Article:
This article attempts to reformulate and resuscitate the seemingly prosaic methodological task of description, which is often derided in favour of causal analysis. First, the problem of definition is addressed: what does this category of analysis (‘description’) refer to? Secondly, a taxonomy of descriptive arguments is offered, emphasizing the diversity contained within this genre of empirical analysis. Thirdly, the demise of description within political science is charted over the past century, with comparisons to other disciplines. Fourthly, it is argued that the task of description ought to be approached independently, not merely as a handmaiden of causal theories. Fifthly, the methodological difficulties of descriptive inference are addressed. Finally, fruitful research areas within the rubric of description are reviewed.
Department of Political Science, Boston University (email: firstname.lastname@example.org). This article has benefited enormously from comments received from Robert Adcock, Ben Bishin, Fred Chernoff, Michael Coppedge, Zachary Elkins, Colin Elman, Gary Goertz, Andy Harris, Patrick Johnston, Evan Lieberman, Drew Linzer, James Mahoney, Fred Schaffer, Andreas Schedler, Carsten Schneider and David Waldner. The author is also grateful to Joshua Yesnowitz, who conducted the content analysis for Figures 2–4.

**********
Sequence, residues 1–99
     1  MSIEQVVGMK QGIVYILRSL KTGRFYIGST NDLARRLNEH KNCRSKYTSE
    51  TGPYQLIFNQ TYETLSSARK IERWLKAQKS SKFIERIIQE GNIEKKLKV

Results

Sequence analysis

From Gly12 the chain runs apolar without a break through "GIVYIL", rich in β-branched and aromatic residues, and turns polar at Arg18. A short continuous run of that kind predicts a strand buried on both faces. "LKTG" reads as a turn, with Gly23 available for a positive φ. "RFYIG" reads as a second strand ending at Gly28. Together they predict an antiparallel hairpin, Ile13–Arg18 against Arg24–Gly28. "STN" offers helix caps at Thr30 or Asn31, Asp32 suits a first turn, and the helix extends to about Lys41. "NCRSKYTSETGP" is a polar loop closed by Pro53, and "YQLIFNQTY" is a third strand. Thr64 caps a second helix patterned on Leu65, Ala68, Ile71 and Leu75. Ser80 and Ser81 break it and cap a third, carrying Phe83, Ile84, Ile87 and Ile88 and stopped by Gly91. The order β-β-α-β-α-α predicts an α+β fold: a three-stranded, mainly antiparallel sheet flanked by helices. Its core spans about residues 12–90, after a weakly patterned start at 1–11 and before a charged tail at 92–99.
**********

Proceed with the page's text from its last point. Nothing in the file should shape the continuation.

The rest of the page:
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3 These areas are reviewed briefly in the concluding section of this article.
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79 I am speaking of what might be called average-quality publications. Publications in top journals are probably more likely to involve some original data collection, whether the arguments are causal or descriptive.
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83 Of course, it can never truly be written out since it undergirds all causal analysis and comprises our factual knowledge of the world.
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* Department of Political Science, Boston University (email: email@example.com). This article has benefited enormously from comments received from Robert Adcock, Ben Bishin, Fred Chernoff, Michael Coppedge, Zachary Elkins, Colin Elman, Gary Goertz, Andy Harris, Patrick Johnston, Evan Lieberman, Drew Linzer, James Mahoney, Fred Schaffer, Andreas Schedler, Carsten Schneider and David Waldner. The author is also grateful to Joshua Yesnowitz, who conducted the content analysis for Figures 2–4.
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